The Great Eight and EA Sports NHL 21
Alexander Ovechkin is the EA Sports NHL 21 cover athlete. But The Great Eight’s presence is felt in NHL 21 far deeper than just the game’s artwork. Ovi’s unique personality, explosive playstyle and obsession with innovating the game of hockey leave an indelible mark on every part of the gameplay experience.
When Alex Ovechkin entered the NHL, he set the league on fire. And it wasn’t just his deadly accuracy and blistering shot that caused the hockey establishment to sit up and take notice. Ovechkin’s speed, grit and physicality made him a uniquely dangerous player. He was just as likely to chip a puck by a defenseman and burn him in the middle of the ice as he was to muscle through a check on the boards and squeak out the other side. You’ll find both attack approaches in NHL 21 — options available to you when you want to catch a defender flat footed or just flat outwork him.
On January 16, 2006, Alex Ovechkin scored arguably one of the most impressive goals of all time against the Arizona Coyotes. With a defender hanging off him, he lost his footing and wound up on his back. Miraculously, he located the puck and swung his stick above his head to sling the puck into the net. People couldn’t process what they were seeing — 14 years later, and it’s still just as unbelievable. This creativity and redefinition of what a scoring chance could look like inspired a new generation of players. That inspiration manifests itself in NHL 21 with new dekes and shots.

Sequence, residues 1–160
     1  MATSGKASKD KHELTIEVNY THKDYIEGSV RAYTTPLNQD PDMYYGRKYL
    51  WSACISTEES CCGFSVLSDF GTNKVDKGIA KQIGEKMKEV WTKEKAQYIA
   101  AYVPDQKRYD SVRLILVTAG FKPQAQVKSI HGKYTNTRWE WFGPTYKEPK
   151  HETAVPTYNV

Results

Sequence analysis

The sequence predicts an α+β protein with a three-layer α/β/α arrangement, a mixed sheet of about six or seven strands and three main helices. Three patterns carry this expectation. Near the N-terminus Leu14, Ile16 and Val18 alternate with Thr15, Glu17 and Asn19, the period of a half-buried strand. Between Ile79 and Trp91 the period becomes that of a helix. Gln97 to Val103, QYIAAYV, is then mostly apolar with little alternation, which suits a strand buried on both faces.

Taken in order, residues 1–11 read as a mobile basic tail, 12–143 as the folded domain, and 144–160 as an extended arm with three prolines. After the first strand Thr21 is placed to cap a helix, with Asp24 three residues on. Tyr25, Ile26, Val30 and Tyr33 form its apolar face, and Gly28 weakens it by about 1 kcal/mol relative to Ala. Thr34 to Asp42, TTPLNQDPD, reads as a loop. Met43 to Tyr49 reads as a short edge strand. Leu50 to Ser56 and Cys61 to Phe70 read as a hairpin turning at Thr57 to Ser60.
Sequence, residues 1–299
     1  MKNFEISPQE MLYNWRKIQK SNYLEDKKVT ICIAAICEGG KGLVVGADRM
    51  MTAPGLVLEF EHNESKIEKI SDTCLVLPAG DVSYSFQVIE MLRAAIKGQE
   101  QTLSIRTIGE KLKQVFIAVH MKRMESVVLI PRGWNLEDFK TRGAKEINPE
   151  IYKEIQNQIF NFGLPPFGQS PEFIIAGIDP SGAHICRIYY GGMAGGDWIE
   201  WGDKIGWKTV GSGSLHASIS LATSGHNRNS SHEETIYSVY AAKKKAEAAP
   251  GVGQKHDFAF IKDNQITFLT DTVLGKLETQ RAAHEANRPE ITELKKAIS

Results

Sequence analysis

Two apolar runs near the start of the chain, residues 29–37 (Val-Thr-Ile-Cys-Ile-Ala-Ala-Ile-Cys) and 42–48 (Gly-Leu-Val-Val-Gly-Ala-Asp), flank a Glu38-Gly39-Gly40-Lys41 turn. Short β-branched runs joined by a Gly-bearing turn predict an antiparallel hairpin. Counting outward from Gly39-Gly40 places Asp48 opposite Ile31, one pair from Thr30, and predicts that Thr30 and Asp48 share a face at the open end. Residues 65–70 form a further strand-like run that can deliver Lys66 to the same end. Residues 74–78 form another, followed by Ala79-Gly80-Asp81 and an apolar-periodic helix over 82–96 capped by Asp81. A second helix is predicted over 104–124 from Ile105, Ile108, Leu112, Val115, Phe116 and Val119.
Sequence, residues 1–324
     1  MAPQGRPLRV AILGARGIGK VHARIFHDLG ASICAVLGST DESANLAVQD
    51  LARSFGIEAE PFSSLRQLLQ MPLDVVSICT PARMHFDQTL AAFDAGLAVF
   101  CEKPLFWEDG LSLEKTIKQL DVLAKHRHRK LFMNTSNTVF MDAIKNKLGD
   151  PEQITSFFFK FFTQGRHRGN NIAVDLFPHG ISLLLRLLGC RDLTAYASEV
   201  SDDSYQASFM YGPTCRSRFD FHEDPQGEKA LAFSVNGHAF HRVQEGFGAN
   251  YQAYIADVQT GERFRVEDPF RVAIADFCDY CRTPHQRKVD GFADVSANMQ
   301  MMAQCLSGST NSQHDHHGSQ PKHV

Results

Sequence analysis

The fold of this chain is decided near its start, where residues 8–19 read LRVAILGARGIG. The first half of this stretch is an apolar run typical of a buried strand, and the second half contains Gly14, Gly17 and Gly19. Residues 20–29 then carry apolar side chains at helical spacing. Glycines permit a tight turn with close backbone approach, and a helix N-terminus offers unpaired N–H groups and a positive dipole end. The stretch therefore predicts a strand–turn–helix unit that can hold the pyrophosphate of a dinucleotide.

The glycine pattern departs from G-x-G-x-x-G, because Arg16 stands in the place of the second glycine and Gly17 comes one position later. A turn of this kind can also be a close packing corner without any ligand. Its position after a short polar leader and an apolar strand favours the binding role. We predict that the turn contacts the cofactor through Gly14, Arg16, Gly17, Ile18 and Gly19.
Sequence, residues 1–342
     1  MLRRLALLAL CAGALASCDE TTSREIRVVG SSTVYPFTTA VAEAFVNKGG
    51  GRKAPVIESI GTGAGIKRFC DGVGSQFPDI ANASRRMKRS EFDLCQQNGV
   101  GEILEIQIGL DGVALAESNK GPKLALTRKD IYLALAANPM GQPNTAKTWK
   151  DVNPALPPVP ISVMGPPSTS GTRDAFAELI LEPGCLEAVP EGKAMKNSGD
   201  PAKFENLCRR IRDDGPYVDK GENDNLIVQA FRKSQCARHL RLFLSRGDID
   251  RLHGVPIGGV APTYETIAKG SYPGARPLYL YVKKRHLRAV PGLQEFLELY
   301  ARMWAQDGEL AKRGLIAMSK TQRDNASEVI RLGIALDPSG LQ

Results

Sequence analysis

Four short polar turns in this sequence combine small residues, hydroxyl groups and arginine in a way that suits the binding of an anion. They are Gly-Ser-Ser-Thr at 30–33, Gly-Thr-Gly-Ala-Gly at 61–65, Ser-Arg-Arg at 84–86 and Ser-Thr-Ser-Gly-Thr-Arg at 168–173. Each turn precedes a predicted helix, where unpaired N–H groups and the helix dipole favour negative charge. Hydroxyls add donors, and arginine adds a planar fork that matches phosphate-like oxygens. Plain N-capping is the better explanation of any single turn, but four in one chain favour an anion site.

First up, there’s the “no-move” move, the breakaway bluff popularized by Nikita Kucherov where the absence of a deke becomes a deke itself.
You’ll also be able to tip pucks and shoot from new angles and with new releases. Just like Ovi found a way to shoot from his back, last season we saw Matthew Tkachuk score on an improbable one timer between his legs — a move that’s now featured within the game.
Lastly, an announcement we’re very excited about, is the inclusion of the “lacrosse goal” — also called “the Michigan” and, most recently, “The Svechnikov” after the first player to successfully execute it in an NHL game. It’s a move reserved both for only the most skilled players and the most opportune moments, but when executed in the game, it’s almost as jaw-dropping as when a superstar pulls it off in real life.
Ovi’s creativity and passion is the gift he gives to hockey. His constant reinvention of what it means to be a superstar in the league has inspired a new wave of gifted, unique, unapologetic players. We hope that same passion inspires you when you pick up NHL 21 — preorder The Great Eight edition today.